Annmarie Fertoli, Associate Producer, WNYC News
Annmarie Fertoli is an Associate Producer at WNYC, working with the afternoon news team to produce All Things Considered.
A program that allows students to order library books directly from their schools is set to expand this year beyond Manhattan. Mayor Michael Bloomberg said Friday that about 250,000 students will be able to access the more than 17 million books in the collections at the New York, Queens and Brooklyn public libraries under the MyLibraryNYC program which began last school year.
Officials made the announcement at 50th Street School Campus in Manhattan where librarian Adelena Kavanagh applauded the move, saying it will especially help her students who live in the outer boroughs.
“A lot of my students live in the Bronx, some live in Brooklyn, some even live in Queens,” she said. “This will actually give them access to more libraries.”
Schools Chancellor Dennis Walcott gave the participating students an assignment: to research and write an essay on the history of the New York City’s libraries.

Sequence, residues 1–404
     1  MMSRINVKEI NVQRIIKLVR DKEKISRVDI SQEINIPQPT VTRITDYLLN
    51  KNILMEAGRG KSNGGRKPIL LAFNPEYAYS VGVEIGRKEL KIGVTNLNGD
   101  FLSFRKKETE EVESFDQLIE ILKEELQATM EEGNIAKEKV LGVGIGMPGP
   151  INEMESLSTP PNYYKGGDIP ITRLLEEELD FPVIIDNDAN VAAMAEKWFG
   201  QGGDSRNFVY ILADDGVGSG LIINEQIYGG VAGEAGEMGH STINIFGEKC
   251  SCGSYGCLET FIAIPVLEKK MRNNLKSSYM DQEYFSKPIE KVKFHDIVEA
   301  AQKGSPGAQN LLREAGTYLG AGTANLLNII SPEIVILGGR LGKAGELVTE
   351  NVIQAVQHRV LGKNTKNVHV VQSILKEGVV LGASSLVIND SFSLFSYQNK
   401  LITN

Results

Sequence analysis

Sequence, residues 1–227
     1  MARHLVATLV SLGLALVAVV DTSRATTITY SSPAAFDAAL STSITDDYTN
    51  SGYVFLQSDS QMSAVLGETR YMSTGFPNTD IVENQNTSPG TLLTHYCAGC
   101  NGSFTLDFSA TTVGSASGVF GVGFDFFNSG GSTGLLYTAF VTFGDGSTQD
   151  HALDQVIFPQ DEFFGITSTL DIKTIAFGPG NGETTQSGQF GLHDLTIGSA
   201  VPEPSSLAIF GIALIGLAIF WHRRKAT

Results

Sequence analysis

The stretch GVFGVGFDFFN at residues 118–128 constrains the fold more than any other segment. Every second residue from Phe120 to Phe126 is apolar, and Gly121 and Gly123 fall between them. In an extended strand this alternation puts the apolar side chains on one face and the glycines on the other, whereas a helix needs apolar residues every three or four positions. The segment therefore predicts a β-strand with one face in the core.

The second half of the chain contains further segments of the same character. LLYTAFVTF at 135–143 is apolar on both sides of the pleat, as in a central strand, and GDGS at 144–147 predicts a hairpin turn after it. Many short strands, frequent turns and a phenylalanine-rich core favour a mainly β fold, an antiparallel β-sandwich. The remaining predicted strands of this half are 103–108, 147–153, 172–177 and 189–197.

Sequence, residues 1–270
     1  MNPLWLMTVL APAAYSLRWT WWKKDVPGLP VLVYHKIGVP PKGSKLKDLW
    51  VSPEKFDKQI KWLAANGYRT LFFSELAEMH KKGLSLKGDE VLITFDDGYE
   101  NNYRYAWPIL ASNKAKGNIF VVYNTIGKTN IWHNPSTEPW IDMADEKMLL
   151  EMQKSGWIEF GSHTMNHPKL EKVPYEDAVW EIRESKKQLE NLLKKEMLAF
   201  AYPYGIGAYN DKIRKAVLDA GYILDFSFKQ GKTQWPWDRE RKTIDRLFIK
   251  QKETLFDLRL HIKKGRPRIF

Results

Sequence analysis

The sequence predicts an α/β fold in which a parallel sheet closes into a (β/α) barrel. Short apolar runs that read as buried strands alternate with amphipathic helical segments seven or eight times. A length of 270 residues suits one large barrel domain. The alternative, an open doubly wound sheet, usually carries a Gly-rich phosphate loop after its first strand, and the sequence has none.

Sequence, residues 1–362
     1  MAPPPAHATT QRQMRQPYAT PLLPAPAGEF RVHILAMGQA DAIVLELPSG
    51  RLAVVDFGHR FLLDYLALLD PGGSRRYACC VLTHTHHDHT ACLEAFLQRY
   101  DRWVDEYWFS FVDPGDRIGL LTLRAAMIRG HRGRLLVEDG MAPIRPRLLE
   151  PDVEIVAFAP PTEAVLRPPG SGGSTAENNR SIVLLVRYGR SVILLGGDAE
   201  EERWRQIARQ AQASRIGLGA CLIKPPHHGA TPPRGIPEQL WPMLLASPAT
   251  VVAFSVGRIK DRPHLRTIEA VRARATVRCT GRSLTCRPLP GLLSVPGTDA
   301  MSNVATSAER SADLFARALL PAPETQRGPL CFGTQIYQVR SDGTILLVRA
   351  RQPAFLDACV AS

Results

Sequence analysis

“We want to make sure that you’re college and career ready, you’re able to debate each other, you’re able to analyze information, you’ll be able to write information, you’ll be able to really think in a very creative, complex way to compete in today’s society,” he said.
The program gives each students a new library card while teachers may order up to 100 books for lesson plans. Teachers may also use online tools to collaborate with peers and post recommended book lists.
The MyLibraryNYC pilot launched last year in a partnership between 86 schools in Manhattan and the New York Public Library system. The expansion includes 400 schools and the Brooklyn and Queens library systems providing services in all five boroughs. Citi provided $5 million dollars in funding.
Surveys conducted after the pilot showed that nearly 90 percent of participating teachers said the program better equipped them to teach, and that students in the pilot were three times more likely to check out a book from their public library than those in non-participating schools.